Monday, September 15, 2014

Soho To Punta Ballena

It was an exposé by "The Times" in 1969 that started it. Corruption within the Metropolitan Police in London was of such a scale that it was like "catching the Archbishop of Canterbury in bed with a prostitute". Three years later, a further exposé, by "The Sunday Mirror", revealed that the head of the Flying Squad had been on holiday with a Soho businessman and all-round villain by the name of Jimmy Humphreys. He and his wife, Rusty, a former stripper, were known as the king and queen of Soho, though there was also an emperor, Bernie Silver, who had mentored Jimmy.

The Met Police corruption of the '60s and the '70s was to a large extent centred on one small part of central London. Soho, the district of clubs, dives, strip joints, porn shops and prostitutes, was a gold mine for the powerful and for the corrupt. Jimmy and Bernie had the Obscene Publications Squad (OPS) in their pay. Jimmy and Rusty made a fortune, though Jimmy resented the fact that the fortune was not as large as it might have been; it was lessened because of the amount he had to pay the police. One of those policemen was the head of the OPS, Detective Chief Superintendent "Wicked" Bill Moody, who was so bent that he established an unofficial licensing system. New porn shops could only open with the agreement of Humphreys and Silver and with weekly payments made to the OPS.

The press exposés led to a change. In came Sir Robert Mark as the Met Police Commissioner and he brought with him Detective Chief Superintendent Bert Wickstead. It was he, Wickstead, who found the pretext with which to collar Jimmy, and once collared, Jimmy squealed. Loudly and repeatedly. The supergrass's evidence resulted in the conviction of numerous police officers and spawned "Operation Countryman", a wider investigation into police corruption which also embraced the City of London Police but which was ultimately to lead to no convictions.

It was said of Jimmy Humphreys that he had gained that much money from his porn businesses that he didn't know what to do with it. So much money, and it came from one small part of a city, a small part that was controlled by a few whose businesses were those of clubs and sex.

Remember what Manu Onieva once said. That he wished there were ten Punta Ballenas. So much money. How much money is shifted in Punta Ballena? Jaime Amador of "Preferente" quotes one source. "There is too much money in play." Too much money in one small part of Calvia, one small part of Mallorca that is dominated by clubs and sex. One small part where there is, to quote Paul Smith of Carnage, "a war of large businesses against small businesses".

The revelations are coming thick and fast. The police chief in Marratxí, Antonio Ledesma, arrested on Friday, and Calvia's police chief, José Antonio Navarro, were allegedly involved with what "Ultima Hora" calls a "bogus" gestoría. Such activity, whatever the nature of the gestoría, is incompatible with their police duties. Then there are the activities of this gestoría, those involving the taking on and laying off of staff with businesses along Punta Ballena, a service for which one business has admitted paying 6,000 euros bi-monthly in black.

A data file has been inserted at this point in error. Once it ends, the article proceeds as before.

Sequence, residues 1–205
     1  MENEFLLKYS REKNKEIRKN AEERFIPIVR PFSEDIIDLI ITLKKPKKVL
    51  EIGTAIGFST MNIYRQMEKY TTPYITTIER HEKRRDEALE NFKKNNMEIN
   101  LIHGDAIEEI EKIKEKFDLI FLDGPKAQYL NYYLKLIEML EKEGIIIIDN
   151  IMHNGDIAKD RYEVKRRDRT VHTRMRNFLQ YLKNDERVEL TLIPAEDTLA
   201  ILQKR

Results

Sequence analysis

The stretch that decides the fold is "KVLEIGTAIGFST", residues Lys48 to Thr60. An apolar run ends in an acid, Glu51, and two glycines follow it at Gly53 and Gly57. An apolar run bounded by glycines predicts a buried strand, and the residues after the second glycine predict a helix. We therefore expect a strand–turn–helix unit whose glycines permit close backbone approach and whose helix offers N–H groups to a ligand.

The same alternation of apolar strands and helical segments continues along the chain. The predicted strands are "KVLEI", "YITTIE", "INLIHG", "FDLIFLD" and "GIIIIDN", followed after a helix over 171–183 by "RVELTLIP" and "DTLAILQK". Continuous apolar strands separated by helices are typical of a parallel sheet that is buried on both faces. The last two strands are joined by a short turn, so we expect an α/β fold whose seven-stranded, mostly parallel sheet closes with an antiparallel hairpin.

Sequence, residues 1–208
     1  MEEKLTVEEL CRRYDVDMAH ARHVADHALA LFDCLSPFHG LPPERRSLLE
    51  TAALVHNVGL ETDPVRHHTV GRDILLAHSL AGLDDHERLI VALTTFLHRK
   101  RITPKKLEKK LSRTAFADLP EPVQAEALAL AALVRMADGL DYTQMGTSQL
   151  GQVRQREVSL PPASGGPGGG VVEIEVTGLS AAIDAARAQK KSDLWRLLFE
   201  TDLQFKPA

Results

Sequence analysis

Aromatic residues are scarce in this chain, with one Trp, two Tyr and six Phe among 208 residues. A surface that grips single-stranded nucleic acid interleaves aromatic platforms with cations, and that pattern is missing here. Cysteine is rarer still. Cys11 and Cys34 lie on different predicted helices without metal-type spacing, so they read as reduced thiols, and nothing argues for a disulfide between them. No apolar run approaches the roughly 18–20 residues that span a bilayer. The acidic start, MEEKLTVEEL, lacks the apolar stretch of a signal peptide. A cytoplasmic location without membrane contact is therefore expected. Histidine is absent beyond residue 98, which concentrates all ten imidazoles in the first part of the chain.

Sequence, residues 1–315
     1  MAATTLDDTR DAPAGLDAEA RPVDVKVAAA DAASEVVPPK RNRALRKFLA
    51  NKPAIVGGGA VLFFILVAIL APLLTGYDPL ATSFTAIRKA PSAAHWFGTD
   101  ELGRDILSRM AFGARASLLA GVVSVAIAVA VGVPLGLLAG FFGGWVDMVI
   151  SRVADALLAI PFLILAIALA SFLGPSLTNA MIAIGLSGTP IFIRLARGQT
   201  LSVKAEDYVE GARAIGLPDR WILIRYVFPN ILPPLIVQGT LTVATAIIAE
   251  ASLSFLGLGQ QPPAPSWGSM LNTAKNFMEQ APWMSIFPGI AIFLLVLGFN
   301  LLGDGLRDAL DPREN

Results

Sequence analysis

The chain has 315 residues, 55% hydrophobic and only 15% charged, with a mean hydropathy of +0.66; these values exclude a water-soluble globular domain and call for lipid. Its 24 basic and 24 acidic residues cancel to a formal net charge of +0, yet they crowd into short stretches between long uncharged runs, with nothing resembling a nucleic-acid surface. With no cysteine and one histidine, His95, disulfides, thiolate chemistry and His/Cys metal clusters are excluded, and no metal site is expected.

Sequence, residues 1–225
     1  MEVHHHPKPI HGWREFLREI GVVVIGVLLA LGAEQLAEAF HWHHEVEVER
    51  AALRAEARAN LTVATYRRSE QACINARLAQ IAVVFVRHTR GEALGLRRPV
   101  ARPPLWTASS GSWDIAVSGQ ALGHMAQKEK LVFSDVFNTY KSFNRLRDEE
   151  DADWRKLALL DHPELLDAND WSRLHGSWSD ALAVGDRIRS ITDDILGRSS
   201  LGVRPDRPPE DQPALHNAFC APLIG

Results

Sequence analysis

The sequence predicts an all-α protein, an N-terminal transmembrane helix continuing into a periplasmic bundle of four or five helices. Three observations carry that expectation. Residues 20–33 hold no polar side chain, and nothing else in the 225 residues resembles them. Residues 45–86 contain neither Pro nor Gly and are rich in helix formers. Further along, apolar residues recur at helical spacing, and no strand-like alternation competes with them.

When the police corruption affair first surfaced, it was suggested to me that it would all be quietly forgotten in a couple of days. I didn't think so. I didn't think so for one moment. The anti-corruption prosecutors are far too independent for that to happen. Moreover, and despite what one might think of Mallorca and Spain, these are not the days of the late '60s and 1970s when information was strictly controlled and when it required truly campaigning journalism in order to root out the truth. The Magalluf allegations are of the contemporary age. There is far too much at stake for there to be some sort of whitewash.

But think of those days some forty or more years ago. Think of Bill Moody and his unofficial licensing system. Think of how smaller and new porn businesses were dominated by Humphreys and Silver. And think of the web that was eventually discovered. It was a long time ago and in a different country, but some of the ingredients are not dissimilar.

It took ages in those days for evidence to be amassed. A source close to the Magalluf investigation says that "they have never had so much documentation in a corruption case". These are very different days when it comes to unearthing potential evidence. The investigation already has more than a thousand emails to consider. They are emails to and from politicians, businesspeople, police officers. Think how differently things might have been had such technology existed when Mark and Wickstead vowed to clean up the Met. And think who else might have been implicated.

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